OLYMPIC-SIZED TASK FOR NUTRITIONIST
Canadian official preps for any contingency in Rio
TORONTO o’clock in the morning or if an athlete has doping tests and there wouldn’t be any food — just pizza and pasta, for example. Not enough protein, not enough substantial food for them to recover properly and get ready for the next day,” Naulleau said in an interview from Montreal.
“So we thought about it a lot because we had so little information back then about the food and what would be available and so we shipped the most we can and I’m pretty sure we’re going to use it all.”
But when she finally saw the provisional food lineup early in July she was relieved.
“The menu’s going to be incredible. There’s going to be lots of variety... so everyone will be happy,” she said.
Rio organizers say they are offering 24-hour dining service with plenty of healthy choices and local cuisine.
The 24,700-square-metre cafeteria could accommodate five jumbo jets and organizers expect to serve 60,000 meals a day, the Olympic website says.
Athletes on the run will be given a packed cold meal or food at their venue.
Naulleau, who has worked with the synchronized swimming, short-track speedskating and para-cycling teams in the last Olympic cycles and accompanied Canada to Sochi in 2014, says her main role is to make sure all athletes have what they need.
She started her preparation two years ago. In Rio, she’ll be making sure athletes with dietary concerns and allergies have equipment, food and space set aside for them.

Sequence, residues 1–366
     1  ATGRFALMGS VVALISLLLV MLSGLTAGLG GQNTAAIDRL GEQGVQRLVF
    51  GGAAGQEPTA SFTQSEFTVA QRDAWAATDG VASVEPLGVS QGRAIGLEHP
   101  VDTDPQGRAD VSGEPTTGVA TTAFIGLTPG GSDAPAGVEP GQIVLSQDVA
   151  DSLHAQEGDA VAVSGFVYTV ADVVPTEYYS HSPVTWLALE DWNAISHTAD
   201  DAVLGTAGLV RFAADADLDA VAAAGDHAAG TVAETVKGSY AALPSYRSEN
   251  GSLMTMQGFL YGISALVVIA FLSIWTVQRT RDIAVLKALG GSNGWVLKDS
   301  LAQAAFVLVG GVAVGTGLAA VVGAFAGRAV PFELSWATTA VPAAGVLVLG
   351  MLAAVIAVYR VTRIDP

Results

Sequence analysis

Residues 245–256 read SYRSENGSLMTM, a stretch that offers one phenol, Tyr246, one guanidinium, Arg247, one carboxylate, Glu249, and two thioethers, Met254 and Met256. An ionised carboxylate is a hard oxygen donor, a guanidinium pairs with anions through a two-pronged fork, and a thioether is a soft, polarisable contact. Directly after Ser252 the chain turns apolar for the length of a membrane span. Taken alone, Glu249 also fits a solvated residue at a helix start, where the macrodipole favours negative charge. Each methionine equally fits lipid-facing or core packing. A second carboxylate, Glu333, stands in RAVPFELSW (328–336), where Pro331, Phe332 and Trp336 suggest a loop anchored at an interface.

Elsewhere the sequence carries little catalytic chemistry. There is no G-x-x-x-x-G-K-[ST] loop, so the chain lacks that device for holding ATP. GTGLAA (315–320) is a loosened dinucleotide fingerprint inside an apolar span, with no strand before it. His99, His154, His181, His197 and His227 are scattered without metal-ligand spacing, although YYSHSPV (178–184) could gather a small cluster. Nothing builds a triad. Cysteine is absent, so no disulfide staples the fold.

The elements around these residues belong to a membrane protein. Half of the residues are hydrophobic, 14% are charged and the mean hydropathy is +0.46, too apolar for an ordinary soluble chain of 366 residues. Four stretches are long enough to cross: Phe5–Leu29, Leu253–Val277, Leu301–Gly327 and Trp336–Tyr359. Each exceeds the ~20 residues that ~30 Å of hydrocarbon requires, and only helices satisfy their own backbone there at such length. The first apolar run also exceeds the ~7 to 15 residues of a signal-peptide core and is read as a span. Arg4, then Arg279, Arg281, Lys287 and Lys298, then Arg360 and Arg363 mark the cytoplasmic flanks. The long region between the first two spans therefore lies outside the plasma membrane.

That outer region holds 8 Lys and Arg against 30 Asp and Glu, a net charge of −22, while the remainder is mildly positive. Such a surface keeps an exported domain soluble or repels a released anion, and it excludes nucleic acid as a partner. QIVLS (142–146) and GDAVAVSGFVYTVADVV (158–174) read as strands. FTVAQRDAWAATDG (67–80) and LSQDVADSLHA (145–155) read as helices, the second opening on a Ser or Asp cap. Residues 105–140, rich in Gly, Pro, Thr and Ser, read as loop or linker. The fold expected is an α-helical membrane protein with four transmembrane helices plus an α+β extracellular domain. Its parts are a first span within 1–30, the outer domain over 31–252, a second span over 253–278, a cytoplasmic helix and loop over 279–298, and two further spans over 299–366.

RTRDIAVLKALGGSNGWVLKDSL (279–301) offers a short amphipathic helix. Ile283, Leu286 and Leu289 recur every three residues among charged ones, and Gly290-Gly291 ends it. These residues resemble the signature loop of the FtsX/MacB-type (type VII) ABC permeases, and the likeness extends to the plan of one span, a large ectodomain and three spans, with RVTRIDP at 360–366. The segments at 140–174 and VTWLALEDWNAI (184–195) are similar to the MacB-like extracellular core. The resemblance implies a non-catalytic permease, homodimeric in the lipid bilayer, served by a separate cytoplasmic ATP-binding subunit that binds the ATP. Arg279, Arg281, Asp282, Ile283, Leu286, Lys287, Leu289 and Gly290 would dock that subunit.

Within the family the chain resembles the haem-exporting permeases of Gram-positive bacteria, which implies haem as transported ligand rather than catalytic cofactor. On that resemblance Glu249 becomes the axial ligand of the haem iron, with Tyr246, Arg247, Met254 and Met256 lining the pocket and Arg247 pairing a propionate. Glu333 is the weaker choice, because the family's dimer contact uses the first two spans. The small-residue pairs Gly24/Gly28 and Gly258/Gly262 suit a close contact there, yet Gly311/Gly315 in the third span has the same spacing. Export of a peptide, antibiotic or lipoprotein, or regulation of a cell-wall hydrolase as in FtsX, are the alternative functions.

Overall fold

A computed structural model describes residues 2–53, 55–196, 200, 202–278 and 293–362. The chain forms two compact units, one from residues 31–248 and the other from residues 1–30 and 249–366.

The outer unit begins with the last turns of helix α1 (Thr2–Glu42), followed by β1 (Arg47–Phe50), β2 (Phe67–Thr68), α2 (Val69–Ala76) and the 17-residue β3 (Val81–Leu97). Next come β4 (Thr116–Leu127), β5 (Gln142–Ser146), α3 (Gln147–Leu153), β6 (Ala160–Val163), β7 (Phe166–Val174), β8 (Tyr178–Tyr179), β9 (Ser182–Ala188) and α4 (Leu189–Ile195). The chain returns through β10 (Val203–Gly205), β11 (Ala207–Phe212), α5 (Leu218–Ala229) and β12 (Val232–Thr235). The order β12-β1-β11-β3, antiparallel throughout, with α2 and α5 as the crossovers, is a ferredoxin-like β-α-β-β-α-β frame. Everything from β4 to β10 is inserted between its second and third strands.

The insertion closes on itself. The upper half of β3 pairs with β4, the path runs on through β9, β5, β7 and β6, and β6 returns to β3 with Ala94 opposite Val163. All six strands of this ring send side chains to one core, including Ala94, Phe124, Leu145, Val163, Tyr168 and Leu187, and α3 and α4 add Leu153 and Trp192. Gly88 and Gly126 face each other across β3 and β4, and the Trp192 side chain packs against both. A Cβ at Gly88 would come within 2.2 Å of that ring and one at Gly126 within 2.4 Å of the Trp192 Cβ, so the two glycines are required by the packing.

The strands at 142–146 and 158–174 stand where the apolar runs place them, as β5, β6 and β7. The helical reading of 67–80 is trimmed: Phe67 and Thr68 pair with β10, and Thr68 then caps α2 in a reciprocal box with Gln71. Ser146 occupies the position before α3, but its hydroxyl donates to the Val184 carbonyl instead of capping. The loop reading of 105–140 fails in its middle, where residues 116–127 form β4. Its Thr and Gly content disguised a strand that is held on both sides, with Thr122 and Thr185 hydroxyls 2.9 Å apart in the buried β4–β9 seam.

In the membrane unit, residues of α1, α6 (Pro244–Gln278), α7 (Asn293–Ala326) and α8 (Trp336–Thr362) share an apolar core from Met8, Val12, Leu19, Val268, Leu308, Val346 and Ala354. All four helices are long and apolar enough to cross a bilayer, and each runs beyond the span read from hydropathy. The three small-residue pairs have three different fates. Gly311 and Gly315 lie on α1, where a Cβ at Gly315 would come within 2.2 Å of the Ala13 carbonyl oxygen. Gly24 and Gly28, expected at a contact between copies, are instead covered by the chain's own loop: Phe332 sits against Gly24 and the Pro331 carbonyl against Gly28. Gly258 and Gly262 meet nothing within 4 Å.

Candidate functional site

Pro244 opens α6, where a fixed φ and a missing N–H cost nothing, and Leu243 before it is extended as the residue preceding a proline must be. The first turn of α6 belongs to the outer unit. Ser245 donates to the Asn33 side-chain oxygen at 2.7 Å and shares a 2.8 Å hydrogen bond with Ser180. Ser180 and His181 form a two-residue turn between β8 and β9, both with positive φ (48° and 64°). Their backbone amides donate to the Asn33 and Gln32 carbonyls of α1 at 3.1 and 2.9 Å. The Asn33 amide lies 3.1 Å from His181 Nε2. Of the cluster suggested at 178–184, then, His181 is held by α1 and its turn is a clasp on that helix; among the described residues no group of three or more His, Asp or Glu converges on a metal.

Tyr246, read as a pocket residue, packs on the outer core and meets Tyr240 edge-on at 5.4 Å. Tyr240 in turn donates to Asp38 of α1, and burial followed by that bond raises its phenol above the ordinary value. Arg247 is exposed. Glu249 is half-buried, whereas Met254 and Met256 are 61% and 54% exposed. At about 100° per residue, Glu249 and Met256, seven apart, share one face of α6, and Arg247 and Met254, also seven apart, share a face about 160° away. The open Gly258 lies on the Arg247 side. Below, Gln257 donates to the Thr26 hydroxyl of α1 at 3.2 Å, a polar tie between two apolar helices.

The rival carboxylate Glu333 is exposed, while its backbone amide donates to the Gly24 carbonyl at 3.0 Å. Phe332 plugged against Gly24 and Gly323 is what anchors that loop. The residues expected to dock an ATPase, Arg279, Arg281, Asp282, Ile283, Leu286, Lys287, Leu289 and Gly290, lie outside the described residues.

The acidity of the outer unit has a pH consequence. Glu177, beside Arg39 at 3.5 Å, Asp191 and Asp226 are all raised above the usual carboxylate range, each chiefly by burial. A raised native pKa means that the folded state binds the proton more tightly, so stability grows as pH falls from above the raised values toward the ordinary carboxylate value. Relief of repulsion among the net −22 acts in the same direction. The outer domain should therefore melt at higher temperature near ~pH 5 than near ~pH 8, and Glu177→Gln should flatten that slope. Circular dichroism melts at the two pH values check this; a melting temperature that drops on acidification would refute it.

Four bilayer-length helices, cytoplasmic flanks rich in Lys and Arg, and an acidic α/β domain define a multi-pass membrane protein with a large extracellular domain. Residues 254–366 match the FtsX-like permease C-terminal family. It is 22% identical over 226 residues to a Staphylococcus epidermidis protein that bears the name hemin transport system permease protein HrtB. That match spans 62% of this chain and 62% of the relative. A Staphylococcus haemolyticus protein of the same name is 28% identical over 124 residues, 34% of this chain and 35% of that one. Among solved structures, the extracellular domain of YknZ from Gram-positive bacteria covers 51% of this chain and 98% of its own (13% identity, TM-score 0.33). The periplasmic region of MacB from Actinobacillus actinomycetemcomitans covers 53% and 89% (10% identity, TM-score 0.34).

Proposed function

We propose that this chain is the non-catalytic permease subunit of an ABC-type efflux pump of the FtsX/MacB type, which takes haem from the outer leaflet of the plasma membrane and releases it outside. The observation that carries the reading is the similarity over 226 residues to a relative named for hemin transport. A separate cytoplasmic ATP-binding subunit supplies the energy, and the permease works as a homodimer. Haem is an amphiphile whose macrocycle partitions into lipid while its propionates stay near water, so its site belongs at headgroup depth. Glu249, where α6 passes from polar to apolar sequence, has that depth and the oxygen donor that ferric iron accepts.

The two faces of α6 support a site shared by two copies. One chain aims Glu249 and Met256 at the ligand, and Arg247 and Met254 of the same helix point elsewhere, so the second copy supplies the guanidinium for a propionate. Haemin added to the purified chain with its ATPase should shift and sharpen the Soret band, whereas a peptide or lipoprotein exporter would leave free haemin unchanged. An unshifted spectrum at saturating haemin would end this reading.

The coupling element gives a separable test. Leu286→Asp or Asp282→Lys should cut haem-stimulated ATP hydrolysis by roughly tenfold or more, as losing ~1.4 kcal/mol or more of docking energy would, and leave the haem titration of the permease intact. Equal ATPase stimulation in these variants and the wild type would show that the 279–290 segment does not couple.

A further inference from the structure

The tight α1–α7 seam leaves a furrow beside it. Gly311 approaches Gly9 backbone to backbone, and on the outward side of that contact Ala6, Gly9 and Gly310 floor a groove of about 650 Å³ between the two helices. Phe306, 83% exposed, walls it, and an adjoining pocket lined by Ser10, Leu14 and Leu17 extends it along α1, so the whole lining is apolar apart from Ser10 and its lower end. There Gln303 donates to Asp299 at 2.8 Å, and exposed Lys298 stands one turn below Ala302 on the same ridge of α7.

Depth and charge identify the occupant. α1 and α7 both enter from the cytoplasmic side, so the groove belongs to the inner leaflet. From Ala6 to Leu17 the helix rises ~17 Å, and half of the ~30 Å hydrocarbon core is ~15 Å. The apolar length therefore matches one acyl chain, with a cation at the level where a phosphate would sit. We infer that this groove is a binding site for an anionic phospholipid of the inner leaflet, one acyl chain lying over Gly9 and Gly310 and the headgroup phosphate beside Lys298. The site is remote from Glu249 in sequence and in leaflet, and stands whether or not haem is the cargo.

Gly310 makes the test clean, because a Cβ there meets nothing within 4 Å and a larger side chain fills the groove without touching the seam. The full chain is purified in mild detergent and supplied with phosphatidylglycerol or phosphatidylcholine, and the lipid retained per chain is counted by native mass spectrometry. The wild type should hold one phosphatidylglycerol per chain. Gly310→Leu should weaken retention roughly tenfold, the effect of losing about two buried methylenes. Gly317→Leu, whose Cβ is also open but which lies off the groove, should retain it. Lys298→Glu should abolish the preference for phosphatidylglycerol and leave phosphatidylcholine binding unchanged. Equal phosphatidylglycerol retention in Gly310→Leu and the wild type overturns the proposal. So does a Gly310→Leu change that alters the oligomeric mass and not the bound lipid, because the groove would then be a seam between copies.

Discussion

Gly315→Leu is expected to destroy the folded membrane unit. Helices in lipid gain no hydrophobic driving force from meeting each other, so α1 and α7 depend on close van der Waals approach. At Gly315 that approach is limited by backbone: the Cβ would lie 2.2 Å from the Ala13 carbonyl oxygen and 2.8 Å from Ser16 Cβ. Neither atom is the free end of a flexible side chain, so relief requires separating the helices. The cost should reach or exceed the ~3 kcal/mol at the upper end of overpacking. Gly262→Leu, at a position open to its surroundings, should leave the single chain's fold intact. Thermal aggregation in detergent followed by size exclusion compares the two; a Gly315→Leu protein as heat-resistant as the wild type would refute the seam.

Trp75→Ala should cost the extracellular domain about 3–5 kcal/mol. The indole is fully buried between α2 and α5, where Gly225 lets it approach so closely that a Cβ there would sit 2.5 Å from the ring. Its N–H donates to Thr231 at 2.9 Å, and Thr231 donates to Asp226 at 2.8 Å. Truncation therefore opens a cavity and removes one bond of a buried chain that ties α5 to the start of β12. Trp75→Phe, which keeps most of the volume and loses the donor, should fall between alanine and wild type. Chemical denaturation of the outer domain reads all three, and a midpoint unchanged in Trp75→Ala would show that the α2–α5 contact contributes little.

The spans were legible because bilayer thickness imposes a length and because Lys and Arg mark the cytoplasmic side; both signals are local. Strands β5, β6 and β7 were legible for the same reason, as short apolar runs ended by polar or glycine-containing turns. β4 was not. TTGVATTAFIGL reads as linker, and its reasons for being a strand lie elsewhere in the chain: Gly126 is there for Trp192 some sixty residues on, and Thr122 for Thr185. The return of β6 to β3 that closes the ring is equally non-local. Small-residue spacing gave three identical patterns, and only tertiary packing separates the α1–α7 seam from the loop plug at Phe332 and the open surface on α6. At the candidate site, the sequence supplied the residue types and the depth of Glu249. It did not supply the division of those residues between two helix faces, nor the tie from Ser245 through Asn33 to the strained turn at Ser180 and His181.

In the shipment, she included small grillers that will be reserved for gluten-free food. She’s learned the main cafeteria will also have a dedicated gluten-free section.
Locating places to buy items such as almond milk for lactose-intolerant athletes was part of Naulleau’s factfinding trip in November when she toured the Olympic venues and surrounding area.
“It’s nice to look around and see what’s available — grocery stores, restaurants, where can we go eat, where can athletes go to eat with their families, how long does it take to travel from one venue to the village,” she said.
Athletes are advised to eat and drink in the village or at competition venues to avoid intestinal bugs. Naulleau has a list of local restaurants guarantee- ing use of safe water in food prep if athletes decide to eat off-site.
Hunger or stress can lead to overeating or poor choices, and with the massive amounts of food available 24 hours a day in the village, athletes will need to take care.
“Usually, the dining hall is welldesigned so all the crappy food will be at the far, far end and the healthier food will be at the beginning of the cafeteria,” said Naulleau.
Getting to McDonald’s will take some effort, she added.
“It’s going to be in the village plaza in the international zone so athletes will have to go through security if they want to have a burger,” she said. “It’s not going to be open 24 hours.”